Another aspect of appropriate wisdom is development skill. The development team is in the best position to assess development implications and duration, but this still takes learning. The most relevant form of learning in this context is related to risk. Risk is related to uncertainty, not just hard work or complexity -- something can be known to involve a lot of work, but that it takes time and effort is unsurprising. Risk is about having something jeopardize the viability of delivery, product or company. Uncertainty can arise from any one of the question words: how (technology, architecture), what (requirements), why (business case, individual motivation), when (change, delivery), who (developers, stakeholder roles and responsibilities), and where (offshore, near-shore, in-house).
In this sense, much risk relates to things that we don't know, and one of the best ways of dealing responsibly with things we don't know is to learn about them. Much risk can be reduced by taking advantage of the feedback-supported learning cycle inherent in iterative development. Of course, there are risks that are beyond a team or a company's control, but being unable to distinguish these is perhaps an even greater risk.
Uncertainty should decrease with the passage of time (knowing something is done), but it will increase with displacement in time (detailed planning far in advance). It is this issue of displacement that helps to explain why a waterfall process tends to accumulate risk towards its tail end rather than reducing it near the beginning, in spite of its aim to do just the opposite. Risk needs to be followed through, not simply identified and talked about. Given this, it makes sense that an iteration should offer not only an increment or a clarification but also an identifiable reduction in risk and uncertainty.
However, using risk as a development driver is not about ignoring business value. It is complementary rather than contradictory. It can help to introduce a more meaningful partial ordering over features that are otherwise prioritized as equal. Risk can be pulled forward from the end of the development cycle. On the other hand, being risk-driven does not necessarily mean attacking all risk up front. It may make sense to look for some easy wins early on, giving a team an opportunity to gel and get in the swing of the project, before tackling some of the riskier items. There are other reasons to defer certain risks, but the take home message is that without making risk an explicit consideration in development it is likely that it will become an implicit problem.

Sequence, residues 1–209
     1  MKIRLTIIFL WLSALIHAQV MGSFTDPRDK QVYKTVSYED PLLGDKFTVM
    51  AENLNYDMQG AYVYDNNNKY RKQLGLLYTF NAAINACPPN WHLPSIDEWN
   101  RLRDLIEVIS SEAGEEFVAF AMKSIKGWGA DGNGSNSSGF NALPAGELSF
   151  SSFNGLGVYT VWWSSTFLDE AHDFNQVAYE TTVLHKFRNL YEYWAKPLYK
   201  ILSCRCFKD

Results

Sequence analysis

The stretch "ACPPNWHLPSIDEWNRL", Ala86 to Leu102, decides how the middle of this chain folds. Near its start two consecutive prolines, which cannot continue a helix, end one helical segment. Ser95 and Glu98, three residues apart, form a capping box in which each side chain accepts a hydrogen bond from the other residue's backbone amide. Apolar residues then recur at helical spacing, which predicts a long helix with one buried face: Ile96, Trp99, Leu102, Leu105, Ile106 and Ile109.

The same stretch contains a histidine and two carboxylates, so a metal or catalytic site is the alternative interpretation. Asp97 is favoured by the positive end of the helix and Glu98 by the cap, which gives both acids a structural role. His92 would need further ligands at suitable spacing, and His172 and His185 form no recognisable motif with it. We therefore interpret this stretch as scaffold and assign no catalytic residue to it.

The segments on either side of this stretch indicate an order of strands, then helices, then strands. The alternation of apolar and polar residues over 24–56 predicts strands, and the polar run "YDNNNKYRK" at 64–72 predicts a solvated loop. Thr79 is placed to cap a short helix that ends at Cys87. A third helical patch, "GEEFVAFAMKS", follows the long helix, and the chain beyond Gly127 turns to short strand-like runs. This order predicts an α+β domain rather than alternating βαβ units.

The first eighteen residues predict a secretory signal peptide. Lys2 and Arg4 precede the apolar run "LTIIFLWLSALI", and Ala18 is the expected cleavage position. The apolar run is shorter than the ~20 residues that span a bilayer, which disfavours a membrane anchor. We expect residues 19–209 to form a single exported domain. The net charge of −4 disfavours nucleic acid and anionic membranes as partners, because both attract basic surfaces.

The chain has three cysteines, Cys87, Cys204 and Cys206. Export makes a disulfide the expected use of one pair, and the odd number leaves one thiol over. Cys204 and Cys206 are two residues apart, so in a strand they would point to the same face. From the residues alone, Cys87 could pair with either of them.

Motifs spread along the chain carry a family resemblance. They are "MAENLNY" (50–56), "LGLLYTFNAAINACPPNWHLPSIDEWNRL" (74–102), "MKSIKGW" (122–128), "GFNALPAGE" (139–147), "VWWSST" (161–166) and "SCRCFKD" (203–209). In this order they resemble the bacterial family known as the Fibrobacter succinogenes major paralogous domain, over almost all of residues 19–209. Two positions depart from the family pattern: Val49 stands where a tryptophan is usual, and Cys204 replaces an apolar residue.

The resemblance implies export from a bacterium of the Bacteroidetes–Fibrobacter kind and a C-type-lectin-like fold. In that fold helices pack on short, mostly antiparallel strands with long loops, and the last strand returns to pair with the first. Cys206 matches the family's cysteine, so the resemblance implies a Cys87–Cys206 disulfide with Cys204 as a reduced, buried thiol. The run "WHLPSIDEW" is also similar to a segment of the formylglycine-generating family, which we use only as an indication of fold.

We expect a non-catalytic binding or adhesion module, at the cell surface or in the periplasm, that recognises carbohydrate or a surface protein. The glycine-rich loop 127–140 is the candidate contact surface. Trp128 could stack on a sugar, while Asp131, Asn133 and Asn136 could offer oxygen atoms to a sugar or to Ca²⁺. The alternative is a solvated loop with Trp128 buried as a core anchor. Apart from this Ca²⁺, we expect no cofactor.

But beware of false risks. For example, big use cases are an artificial risk. You should be able to single out specific and nameable scenarios or split use cases with goals that can be separated into distinct and disjoint goals. Use cases with a laundry list of variations and large bodies of description are worth rethinking -- go back and recast them using index cards. The risk being addressed is easily handled by restating the problem; it is not a risk related to the solution or the business.
About the author: Kevlin Henney is an independent consultant and trainer based in the UK. His work focuses on software architecture, patterns, development process and programming languages. He is a coauthor of A Pattern Language for Distributed Computing and On Patterns and Pattern Languages, two recent volumes in the Pattern-Oriented Software Architecture series. You may contact him at email@example.com.